A wave of right-brain rethinking
The achievements of a network of left-brain-oriented, technical-minded developers in creating a Unix-based system that installs on just about anything with a processor can never be truly appreciated. Apple created a Unix-based OS that installs on a smaller subset of computer hardware, but has a history and tradition of investing a whole lot of right-brain thought into making technically advanced features look clean and simple. Projects like Mac4LIn are mimicry at its finest, and interfaces like GNOME-Do Docky theme bring both Quicksilver and Dock functionality to Linux. What Linux and Ubuntu really need now, though, is something new.
Palm's Pre smartphone received generally rave reviews for its "deck of cards" interface, which was actually new and not hard to get used to. While it doesn't seem to be winning a sales war against the iPhone, Ubuntu has a distinct advantage—it's free. Something free and designed to look kinda-sorta like XP out of the box once did won't win hearts and minds. Something with a useful but new look, with advantages in speed, openness, and hardware support, will get noticed. To paraphrase what Mac guy John Gruber said about the Android opportunity—set your goals such that you can claim victory with just a fraction of Windows and Apple's installation base.
Awesome cloud-based backup
When the Linux-based Chrome OS drops, one thing we know it's going to try for is starting up in "a few seconds." Ubuntu's next release, meanwhile, is aiming for 10 seconds. Unless they're both pitched primarily for mayflies, that's not an insurmountable difference, but Chrome OS will also offer no-worry backup of all of a user's documents, emails, SMS messages and whatever other webapps, because it all gets done through a web browser, or, more likely, a browser running inside a stand-alone application shell.
There are a significant number of folks who aren't cool with having everything they do in the cloud, and might want hard copies of everything. More likely, it's probably wise not to use Google as the linchpin of one's entire productive life, because account lock-outs and password hacks do happen. Backup, however, is one of those things that's more powerful when there's a copy far away from your system. Ubuntu already has Ubuntu One, but right now it's a less convenient Dropbox look-alike, because it's accessible only through Ubuntu or the web. Its open source, so Windows and Mac synchronisation tools may eventually show up, designed by committee. But if a backup service is getting accolades from true geeks for being paradigm-shifting and mind-freeing, you'd do well to learn its lessons, or potentially open talks in the interest of open-sourcing it.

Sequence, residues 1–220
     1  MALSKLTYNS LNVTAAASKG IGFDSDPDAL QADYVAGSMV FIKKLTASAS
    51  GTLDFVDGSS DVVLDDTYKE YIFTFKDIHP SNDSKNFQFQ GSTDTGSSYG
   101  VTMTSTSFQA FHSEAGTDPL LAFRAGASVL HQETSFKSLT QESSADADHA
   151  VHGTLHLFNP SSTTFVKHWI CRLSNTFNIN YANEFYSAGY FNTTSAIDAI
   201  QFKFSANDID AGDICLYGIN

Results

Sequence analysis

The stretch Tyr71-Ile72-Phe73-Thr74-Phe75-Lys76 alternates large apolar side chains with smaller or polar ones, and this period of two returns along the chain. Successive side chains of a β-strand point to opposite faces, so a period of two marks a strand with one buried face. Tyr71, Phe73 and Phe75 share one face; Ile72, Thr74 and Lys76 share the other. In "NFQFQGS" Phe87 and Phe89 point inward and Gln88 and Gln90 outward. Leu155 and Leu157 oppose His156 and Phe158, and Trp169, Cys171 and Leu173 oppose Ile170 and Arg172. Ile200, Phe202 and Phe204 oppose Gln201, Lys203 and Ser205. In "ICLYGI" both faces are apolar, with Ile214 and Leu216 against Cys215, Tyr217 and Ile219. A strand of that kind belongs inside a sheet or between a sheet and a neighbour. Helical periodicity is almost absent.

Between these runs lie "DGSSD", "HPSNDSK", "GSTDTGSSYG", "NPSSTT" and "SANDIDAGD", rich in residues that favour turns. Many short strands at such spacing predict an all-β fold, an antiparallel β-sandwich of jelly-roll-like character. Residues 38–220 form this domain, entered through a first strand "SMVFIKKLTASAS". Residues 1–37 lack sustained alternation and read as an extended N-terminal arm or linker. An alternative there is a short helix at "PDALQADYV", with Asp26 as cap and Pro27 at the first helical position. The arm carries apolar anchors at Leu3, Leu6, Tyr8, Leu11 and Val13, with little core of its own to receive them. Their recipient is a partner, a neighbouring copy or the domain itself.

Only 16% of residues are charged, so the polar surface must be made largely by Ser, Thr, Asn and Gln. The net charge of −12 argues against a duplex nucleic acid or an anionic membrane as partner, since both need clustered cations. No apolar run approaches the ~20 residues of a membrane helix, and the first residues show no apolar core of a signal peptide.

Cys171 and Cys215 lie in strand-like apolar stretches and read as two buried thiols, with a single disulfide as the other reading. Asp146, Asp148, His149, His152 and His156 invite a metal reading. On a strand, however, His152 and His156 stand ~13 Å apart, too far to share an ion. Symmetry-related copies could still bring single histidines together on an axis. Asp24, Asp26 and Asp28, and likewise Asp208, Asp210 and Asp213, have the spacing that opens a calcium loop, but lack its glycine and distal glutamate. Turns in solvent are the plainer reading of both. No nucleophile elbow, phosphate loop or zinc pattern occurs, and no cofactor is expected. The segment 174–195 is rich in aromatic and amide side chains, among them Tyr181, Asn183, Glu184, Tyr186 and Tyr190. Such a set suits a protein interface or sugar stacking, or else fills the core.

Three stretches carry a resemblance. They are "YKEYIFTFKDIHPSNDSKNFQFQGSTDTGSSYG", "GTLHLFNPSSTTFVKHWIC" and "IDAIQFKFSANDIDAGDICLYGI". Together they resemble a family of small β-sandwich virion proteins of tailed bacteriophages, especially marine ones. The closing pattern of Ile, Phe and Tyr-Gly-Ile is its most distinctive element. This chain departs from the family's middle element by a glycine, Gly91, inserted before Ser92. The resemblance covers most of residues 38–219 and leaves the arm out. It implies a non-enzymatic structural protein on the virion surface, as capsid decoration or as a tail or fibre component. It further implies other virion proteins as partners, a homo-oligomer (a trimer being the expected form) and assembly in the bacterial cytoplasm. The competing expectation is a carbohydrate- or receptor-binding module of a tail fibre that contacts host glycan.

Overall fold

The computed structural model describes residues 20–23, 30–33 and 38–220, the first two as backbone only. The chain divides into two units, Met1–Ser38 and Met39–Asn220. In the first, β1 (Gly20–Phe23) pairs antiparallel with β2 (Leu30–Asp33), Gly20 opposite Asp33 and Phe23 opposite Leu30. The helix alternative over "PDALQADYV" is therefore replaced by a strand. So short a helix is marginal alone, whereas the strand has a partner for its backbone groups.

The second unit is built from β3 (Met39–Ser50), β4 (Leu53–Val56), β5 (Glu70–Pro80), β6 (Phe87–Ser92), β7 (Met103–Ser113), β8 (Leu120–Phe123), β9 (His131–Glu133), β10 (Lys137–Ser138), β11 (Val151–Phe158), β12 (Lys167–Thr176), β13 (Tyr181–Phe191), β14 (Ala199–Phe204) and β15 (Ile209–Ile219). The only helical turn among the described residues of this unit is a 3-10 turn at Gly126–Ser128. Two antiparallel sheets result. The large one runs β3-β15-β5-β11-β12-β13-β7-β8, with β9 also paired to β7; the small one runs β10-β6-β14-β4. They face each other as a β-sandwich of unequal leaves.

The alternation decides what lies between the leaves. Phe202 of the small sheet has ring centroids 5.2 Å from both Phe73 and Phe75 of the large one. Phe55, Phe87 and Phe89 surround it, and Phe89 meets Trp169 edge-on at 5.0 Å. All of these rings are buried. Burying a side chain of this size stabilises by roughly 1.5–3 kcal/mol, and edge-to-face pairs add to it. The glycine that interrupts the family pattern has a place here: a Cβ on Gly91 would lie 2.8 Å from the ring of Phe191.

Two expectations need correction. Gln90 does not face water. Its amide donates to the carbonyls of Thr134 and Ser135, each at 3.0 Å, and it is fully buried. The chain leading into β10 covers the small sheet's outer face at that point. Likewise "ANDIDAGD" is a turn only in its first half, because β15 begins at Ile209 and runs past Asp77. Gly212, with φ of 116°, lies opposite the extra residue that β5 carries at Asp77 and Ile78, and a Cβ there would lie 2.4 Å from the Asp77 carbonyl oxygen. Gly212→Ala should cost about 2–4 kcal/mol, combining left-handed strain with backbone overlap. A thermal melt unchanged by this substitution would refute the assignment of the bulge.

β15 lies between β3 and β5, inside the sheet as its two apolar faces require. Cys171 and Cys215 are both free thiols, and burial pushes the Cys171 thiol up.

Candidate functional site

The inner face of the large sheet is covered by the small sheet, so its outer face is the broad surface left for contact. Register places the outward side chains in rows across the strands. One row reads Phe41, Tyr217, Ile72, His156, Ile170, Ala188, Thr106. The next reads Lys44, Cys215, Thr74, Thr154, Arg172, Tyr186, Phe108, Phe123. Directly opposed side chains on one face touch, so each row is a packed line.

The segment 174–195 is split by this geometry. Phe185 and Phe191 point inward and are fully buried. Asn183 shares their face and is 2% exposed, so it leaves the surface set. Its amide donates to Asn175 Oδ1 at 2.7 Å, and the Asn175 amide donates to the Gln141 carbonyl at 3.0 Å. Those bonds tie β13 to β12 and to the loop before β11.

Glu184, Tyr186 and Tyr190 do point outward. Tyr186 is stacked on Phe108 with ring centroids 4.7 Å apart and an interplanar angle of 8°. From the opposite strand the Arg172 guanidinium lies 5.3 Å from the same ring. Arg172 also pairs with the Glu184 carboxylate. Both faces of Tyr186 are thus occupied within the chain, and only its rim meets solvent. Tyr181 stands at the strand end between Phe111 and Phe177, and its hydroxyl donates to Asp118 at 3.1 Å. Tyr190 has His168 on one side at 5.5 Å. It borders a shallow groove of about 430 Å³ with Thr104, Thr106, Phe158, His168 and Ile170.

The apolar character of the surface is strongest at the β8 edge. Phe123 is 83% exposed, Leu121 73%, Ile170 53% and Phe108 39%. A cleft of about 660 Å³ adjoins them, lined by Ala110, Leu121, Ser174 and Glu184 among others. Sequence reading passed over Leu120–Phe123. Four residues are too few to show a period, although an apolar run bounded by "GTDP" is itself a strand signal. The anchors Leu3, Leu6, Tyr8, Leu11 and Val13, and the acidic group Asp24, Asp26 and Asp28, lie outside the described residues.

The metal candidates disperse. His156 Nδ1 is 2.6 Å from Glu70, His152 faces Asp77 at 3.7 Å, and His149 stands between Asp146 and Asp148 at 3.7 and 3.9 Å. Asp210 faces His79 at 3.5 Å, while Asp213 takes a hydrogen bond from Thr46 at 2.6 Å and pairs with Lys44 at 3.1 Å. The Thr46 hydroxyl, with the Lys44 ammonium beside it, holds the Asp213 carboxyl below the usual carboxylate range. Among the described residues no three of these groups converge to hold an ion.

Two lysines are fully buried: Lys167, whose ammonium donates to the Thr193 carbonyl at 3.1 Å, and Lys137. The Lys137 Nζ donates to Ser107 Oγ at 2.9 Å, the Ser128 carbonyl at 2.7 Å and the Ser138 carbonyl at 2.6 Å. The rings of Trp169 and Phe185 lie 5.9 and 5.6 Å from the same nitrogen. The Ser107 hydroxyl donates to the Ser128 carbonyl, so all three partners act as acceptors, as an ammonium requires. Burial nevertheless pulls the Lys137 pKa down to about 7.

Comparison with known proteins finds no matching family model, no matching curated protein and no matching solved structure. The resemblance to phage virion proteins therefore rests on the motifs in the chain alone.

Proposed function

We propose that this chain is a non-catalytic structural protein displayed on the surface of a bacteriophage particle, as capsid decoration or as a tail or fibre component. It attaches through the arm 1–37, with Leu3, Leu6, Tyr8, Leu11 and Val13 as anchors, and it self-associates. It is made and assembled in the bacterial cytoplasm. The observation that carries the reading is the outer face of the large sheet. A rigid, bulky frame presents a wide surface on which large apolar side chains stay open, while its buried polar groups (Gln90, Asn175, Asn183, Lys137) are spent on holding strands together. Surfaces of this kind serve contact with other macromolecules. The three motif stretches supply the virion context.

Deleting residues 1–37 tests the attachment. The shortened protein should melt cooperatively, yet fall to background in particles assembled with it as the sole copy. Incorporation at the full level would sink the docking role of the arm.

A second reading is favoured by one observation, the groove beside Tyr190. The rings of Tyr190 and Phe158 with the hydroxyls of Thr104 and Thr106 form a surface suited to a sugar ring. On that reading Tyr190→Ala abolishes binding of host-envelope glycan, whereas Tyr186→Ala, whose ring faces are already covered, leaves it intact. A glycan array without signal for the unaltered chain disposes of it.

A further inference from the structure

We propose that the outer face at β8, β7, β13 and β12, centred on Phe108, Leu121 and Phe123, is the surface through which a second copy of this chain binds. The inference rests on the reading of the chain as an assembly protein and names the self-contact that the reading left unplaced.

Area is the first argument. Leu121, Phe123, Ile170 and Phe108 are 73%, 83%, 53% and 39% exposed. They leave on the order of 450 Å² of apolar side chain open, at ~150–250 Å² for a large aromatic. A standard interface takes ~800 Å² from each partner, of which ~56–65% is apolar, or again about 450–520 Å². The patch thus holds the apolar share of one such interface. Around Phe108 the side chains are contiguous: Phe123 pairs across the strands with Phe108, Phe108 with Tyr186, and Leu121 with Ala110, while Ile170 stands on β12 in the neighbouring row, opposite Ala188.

Good video editing software
This one's a bit more fiddly, but definitely worth mentioning. Trying to edit a video so that continuous sound played over different clips, two Lifehacker editors found themselves amazed at how difficult, or at least hard to find out, iMovie '09 had made such a task on a Mac. On Windows, there's the free Windows Movie Maker, which has actually lost features since the XP version, and then professional packages starting at $US450 dollars. In Linux, there are a range of options, almost none of them with a finished feel, and all of them front-loaded with codec, dependency and interface headaches galore. OpenShot seems like a step in the right direction. While Ubuntu isn't in the video software business, the many folks who contribute time, thought, and sometimes money to the project could consider this a serious missing link in the Linux application space.
Our imaginary panel comments at the Worldwide Ubuntu Summit are now finished, but we left some time for comments at the end. Tell us what you think Ubuntu needs, or needs to change, to become a great alternative desktop in the comments.